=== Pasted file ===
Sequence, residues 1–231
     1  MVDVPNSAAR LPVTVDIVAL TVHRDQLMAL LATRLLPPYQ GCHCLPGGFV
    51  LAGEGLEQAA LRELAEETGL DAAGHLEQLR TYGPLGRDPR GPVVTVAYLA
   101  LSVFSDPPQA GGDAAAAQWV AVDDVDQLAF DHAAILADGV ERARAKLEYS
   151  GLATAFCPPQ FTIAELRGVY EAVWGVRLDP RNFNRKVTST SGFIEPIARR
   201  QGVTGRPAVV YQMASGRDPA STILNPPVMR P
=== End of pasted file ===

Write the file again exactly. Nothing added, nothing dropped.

Sequence, residues 1–231
     1  MVDVPNSAAR LPVTVDIVAL TVHRDQLMAL LATRLLPPYQ GCHCLPGGFV
    51  LAGEGLEQAA LRELAEETGL DAAGHLEQLR TYGPLGRDPR GPVVTVAYLA
   101  LSVFSDPPQA GGDAAAAQWV AVDDVDQLAF DHAAILADGV ERARAKLEYS
   151  GLATAFCPPQ FTIAELRGVY EAVWGVRLDP RNFNRKVTST SGFIEPIARR
   201  QGVTGRPAVV YQMASGRDPA STILNPPVMR P